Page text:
EEOC’S Campaign Against Criminal Background Checks Takes Recent Hits

As we have previously noted, the EEOC in April 2012 issued enforcement guidance addressing the use of arrest and criminal records in employment decisions under Title VII. Since then, the EEOC has filed two separate lawsuits in South Carolina and Illinois alleging that employer criminal background check policies violated Title VII because they adversely impacted minorities and were not job related and consistent with business necessity. In response, the Attorneys General of nine states (West Virginia, Alabama, Kansas, Montana, Colorado, Georgia, Nebraska, South Carolina and Utah) wrote a letter to the EEOC urging the EEOC to dismiss the lawsuits …

No One Said Anything About Light Duty!

Seventh Circuit Court of Appeals affirmed the District Court’s grant of Summary Judgment in James v. Hyatt Regency Chicago reminding employers they are under no obligation under the FMLA to restore an employee to his or her position if the employee is unable to perform the essential functions of the job.

So here are the facts—Carris James was employed at Hyatt Regency as a steward for over 22 years. Although James was born with very poor vision, he was able to perform his job functions by wearing correctable eyeglasses and using magnifying glasses. Hyatt also accommodated him by increasing the …

OFCCP Signals Formal Change of Course on Pay Discrimination

 On February 28, 2013, the Office of Federal Contract Compliance Programs (OFCCP) rescinded two Bush-era enforcement guidance documents on pay discrimination from 2006—the “Compensation Standards” and “Voluntary Guidelines.” This is consistent with OFCCP’s stated focus on pay discrimination since the beginning of the Obama administration.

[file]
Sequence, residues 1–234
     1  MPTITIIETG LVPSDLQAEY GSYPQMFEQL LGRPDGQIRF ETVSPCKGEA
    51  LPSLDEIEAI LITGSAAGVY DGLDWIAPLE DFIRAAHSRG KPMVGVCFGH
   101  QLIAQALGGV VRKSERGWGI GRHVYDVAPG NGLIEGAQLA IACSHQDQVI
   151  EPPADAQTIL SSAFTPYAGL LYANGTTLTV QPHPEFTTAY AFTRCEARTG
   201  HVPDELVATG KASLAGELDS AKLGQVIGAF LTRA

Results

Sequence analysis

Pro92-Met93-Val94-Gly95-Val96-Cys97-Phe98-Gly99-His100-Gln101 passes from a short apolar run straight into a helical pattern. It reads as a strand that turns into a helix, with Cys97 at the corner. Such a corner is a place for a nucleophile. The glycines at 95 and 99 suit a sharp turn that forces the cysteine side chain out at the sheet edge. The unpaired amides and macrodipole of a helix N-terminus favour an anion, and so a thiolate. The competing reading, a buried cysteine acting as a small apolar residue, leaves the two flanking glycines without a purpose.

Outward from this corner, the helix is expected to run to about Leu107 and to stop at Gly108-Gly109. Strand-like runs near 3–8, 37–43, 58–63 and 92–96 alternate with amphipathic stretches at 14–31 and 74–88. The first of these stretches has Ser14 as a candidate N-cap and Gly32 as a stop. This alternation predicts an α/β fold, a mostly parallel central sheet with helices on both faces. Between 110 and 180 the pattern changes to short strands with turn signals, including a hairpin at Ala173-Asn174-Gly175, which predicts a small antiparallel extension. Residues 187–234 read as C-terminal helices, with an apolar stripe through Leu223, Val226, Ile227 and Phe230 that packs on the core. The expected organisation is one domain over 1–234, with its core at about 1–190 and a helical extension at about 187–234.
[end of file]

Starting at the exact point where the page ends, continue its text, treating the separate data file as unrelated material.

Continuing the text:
OFCCP’s Director, Patricia Shiu, issued a press release and authored a blog article, stating that OFCCP intended to align its analysis of pay discrimination with the principles used to enforce Title VII. She stated that OFCCP intended to no longer limit its pay discrimination focus to equal pay in the same job but to expand …

Caution: Recent Case Highlights Importance of Broad, Early Preservation Efforts

This blog post was co-authored by Margaret M. (Peggy) Koesel and Tracey L. Turnbull.

A company may discard data, documents or records in the ordinary course of its business. But routine destruction of information that may be relevant to a government investigation or a lawsuit must be suspended and information must be saved as soon as possible after a party has notice that it must preserve evidence. A recent case from the district court for the Southern District of Ohio looks at the events that triggered a bank’s duty to save particular data considered relevant by its opponent and …

Sixth Circuit Decision Reminds Employers: Get Your Ducks in a Row at the EEOC Charge Stage and, for Goodness Sake, Know Your Own Policies

Gaglioti v. Levin Group, Inc. (6th Cir. Dec. 13, 2012), serves as a good reminder to employers to pin down their reasoning for terminating an employee at the start, and stick to it. In addition, all reasons for terminating an employee should be included in the termination meeting with the employee, or at the very least, at the EEOC charge stage, even if it might bruise the employee’s ego. Any change or supplementation to the original reason can make put the entire termination decision seem made up and send the employer to trial. It is also imperative that employers know …

EEOC Issues Guidance on the Application of Title VII and the ADA to Applicants and Employees Who Experience Domestic Violence, Sexual Assault, or Stalking

The Equal Opportunity Commission has issued a new fact sheet titled: Application of Title VII and the ADA to Applicants or Employees Who Experience Domestic or Dating Violence, Sexual Assault, or Stalking, which explains how employment decisions related to employees who are victims of domestic violence, sexual violence, or stalking might violate Title VII or the ADA. Because these laws do not expressly prohibit discrimination against those who experience domestic violence, sexual assault, or stalking, the potential discrimination and retaliation against these individuals may be overlooked, the Commission explained. The Fact Sheet does not establish new employee protections; rather, …